So Labour could have a long post-Miligeek future, oscillating between Balls and the nanny state. To any sensible Labour supporter – not wholly an oxymoron – that must seem as horrifying a prospect as the one with which the Witches taunted Macbeth: an endless succession of Banquo’s descendants, ruling as Kings of Scotland. But Labour’s position is even worse. Some of Banquo’s heirs might have been capable of winning elections – and today’s Witches are not taunting the Labour party. They are running it.
The Labour party is an easy target. That is why Cameron should largely ignore it. The voters always claim to disapprove of ding-dong politics. In reality, they usually enjoy it, like grown-ups stopping to chuckle at a Punch-and-Judy show. But this year, it is different. People are worried about the state of the country: the state of the world – and Cameron should set his tone accordingly. The Leader’s speech is a national occasion as well as a party one. Cameron can have all the fun he wants at Miliband’s expense during Prime Minister’s Questions. This week is for serious business. In his field-sport days, Cameron scorned shooting low pheasants. In Manchester, he should be equally fastidious about squashing a scuttling milipede.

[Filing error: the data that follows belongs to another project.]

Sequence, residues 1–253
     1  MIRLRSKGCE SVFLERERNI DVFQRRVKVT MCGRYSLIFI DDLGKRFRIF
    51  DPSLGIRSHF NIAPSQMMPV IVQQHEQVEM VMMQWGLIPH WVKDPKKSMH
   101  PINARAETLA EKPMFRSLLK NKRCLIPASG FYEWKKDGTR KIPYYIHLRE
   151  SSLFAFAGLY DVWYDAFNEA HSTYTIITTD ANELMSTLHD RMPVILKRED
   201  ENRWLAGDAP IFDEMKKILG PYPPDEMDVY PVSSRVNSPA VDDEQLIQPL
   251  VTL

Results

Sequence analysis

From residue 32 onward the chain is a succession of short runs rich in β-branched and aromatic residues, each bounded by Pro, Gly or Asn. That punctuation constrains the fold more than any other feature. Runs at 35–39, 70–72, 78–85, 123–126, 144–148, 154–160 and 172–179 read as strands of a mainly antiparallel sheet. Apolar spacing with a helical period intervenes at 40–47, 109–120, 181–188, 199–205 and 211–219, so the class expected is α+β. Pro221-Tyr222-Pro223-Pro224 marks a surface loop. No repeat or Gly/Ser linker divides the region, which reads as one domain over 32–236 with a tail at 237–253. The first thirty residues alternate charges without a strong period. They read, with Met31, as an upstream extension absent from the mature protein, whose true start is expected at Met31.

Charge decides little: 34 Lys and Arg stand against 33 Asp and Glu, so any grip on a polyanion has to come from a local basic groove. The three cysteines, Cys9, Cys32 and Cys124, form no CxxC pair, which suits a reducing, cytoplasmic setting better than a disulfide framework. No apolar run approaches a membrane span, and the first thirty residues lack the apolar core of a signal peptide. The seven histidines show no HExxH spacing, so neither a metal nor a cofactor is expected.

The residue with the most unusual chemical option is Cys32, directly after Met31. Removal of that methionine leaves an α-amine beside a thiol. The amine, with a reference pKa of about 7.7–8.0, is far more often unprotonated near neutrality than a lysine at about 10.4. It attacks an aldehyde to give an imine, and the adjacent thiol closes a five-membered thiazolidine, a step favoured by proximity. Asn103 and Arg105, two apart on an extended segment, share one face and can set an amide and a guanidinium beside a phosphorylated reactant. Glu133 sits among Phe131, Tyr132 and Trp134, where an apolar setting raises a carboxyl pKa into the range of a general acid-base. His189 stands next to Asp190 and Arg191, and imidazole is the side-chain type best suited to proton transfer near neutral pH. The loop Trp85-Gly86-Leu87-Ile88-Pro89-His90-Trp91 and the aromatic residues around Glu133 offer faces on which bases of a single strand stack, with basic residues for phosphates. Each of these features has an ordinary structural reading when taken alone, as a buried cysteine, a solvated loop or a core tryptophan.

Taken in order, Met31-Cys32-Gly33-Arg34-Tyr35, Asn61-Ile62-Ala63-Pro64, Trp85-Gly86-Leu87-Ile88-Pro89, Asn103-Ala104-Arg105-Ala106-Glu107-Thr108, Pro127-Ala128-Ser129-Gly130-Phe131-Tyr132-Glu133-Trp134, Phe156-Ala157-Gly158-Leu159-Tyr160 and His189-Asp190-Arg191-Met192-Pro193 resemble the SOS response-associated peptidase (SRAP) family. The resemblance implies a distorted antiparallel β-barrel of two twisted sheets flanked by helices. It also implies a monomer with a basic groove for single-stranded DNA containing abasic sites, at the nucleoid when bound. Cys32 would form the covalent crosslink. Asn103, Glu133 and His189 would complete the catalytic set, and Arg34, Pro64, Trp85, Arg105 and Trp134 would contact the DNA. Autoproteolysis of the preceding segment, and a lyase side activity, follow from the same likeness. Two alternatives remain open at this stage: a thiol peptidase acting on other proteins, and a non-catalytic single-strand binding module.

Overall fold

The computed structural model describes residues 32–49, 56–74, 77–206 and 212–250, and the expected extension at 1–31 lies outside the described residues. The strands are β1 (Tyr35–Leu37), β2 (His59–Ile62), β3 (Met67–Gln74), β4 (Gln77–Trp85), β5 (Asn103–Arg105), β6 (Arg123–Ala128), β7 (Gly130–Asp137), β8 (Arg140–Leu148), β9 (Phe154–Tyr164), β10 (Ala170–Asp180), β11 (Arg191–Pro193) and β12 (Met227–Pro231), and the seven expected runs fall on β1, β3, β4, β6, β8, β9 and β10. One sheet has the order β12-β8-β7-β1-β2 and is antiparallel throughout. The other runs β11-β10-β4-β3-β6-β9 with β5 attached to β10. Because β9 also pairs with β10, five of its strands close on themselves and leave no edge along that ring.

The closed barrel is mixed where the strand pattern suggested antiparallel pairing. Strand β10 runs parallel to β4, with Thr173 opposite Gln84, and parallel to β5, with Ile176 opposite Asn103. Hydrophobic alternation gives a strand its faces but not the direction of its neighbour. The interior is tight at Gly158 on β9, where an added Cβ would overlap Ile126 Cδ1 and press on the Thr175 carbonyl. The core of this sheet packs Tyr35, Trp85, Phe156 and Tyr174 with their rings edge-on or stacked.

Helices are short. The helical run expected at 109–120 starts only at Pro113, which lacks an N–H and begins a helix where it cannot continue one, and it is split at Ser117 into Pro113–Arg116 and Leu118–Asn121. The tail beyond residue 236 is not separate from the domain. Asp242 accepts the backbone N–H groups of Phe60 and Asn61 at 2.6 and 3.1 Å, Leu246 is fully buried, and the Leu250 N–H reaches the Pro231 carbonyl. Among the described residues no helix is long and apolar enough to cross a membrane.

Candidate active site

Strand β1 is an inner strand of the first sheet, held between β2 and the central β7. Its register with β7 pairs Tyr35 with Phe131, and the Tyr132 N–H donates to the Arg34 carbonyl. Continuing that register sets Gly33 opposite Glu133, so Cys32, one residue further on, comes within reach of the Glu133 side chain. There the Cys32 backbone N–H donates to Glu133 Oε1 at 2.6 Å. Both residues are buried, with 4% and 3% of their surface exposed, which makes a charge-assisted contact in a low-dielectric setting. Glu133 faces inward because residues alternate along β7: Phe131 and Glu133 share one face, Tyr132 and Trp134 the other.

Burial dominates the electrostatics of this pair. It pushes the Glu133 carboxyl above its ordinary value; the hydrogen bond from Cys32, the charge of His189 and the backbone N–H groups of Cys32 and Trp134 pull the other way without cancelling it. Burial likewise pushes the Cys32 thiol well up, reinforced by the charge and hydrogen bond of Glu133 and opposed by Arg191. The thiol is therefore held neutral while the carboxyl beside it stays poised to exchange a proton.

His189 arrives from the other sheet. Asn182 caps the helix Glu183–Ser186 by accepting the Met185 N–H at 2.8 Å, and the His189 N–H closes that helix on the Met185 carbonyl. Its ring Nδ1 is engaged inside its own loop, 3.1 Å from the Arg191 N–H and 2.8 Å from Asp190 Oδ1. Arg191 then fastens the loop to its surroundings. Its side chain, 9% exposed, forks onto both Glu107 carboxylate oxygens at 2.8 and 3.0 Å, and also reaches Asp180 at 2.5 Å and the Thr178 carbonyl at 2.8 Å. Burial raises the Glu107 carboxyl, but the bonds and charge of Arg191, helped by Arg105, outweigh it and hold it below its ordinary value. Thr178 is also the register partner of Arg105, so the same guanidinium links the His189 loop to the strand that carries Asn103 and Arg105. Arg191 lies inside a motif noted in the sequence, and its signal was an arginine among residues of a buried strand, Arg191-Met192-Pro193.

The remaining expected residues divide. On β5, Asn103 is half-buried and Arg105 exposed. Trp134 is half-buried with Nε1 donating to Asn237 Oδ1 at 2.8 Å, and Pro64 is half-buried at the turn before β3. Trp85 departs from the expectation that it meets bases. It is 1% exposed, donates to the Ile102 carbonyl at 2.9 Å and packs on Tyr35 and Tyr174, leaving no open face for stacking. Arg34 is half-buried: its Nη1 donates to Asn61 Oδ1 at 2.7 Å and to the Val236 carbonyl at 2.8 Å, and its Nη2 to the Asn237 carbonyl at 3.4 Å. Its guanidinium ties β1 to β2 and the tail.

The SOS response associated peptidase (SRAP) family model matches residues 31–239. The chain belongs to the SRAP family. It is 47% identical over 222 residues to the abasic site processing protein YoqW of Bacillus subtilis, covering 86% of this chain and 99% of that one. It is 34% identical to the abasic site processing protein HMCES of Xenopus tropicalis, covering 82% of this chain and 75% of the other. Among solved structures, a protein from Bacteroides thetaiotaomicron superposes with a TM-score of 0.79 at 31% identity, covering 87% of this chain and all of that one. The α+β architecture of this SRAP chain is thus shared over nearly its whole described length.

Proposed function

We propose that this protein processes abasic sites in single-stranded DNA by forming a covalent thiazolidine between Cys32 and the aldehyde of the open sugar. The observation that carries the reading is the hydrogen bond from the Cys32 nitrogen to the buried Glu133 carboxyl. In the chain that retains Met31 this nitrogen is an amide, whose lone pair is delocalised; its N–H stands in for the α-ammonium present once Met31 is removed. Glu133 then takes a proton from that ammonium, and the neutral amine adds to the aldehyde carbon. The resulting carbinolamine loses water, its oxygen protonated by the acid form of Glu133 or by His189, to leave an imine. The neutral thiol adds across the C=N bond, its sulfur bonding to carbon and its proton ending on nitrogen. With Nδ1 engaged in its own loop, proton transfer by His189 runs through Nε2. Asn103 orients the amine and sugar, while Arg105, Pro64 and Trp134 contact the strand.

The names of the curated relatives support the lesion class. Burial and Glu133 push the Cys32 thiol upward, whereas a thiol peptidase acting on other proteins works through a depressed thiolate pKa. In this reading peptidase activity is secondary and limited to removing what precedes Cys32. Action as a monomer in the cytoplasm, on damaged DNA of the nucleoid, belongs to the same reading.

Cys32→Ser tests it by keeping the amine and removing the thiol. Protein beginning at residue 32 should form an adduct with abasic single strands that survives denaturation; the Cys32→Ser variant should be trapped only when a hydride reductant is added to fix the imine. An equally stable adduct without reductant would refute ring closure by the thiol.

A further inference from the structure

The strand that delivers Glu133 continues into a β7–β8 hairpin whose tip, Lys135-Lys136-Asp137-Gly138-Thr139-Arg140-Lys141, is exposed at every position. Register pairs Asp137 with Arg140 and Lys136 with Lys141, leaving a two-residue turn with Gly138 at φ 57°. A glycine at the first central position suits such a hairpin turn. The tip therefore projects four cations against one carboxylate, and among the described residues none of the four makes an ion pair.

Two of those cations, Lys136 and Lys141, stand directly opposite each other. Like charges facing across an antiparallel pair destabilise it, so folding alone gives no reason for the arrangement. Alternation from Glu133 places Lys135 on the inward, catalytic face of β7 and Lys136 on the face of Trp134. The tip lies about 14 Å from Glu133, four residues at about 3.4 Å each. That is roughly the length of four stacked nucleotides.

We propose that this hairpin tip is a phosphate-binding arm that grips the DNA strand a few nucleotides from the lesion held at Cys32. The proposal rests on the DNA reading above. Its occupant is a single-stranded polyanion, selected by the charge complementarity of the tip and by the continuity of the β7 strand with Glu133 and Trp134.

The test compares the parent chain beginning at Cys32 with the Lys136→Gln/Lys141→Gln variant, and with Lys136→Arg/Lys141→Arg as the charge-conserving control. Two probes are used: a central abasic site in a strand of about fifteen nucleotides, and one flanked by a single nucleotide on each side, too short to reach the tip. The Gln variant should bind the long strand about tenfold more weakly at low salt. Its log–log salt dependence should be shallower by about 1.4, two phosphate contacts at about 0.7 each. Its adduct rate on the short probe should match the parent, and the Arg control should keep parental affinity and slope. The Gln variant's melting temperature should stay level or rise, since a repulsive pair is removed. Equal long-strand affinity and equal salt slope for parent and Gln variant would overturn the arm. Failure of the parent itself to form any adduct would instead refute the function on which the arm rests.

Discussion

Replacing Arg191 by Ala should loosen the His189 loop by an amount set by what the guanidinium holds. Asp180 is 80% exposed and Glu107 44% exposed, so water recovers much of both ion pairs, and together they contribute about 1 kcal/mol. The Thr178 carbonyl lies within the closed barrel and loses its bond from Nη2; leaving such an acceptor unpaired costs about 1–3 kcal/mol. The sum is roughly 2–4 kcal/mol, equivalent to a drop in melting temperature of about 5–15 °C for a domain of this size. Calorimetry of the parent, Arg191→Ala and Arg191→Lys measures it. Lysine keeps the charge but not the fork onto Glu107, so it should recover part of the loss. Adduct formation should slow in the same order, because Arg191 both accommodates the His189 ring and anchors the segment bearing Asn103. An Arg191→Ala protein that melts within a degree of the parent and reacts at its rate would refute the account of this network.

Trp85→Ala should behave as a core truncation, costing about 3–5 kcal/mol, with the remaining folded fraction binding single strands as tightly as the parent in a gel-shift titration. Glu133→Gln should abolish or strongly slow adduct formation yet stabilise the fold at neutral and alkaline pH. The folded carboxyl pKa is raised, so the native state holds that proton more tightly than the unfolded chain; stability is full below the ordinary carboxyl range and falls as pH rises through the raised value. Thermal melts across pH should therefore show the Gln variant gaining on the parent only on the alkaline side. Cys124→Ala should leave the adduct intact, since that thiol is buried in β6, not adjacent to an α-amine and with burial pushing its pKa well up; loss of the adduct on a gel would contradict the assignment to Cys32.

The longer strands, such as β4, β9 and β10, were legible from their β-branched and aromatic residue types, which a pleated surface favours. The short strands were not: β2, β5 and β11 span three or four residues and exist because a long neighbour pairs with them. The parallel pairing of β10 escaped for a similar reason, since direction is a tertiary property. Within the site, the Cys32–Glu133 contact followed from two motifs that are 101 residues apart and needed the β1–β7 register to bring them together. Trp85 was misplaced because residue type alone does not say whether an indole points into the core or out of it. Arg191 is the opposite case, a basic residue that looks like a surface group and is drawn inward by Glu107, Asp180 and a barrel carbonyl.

After all, there are more urgent tasks. A good performance by Cameron will boost morale. Although it would be absurd to claim that a powerful speech in Manchester will facilitate economic recovery, it is important that the public should have confidence in their Prime Minister: should feel that he is on their side and will eventually guide them through the stormy waters. It has often been observed that Cameron is never happier than when facing adversity. There is plenty of that around at the moment. In peace-time Britain, there has rarely been a greater need for leadership. That is a challenge which David Cameron should relish.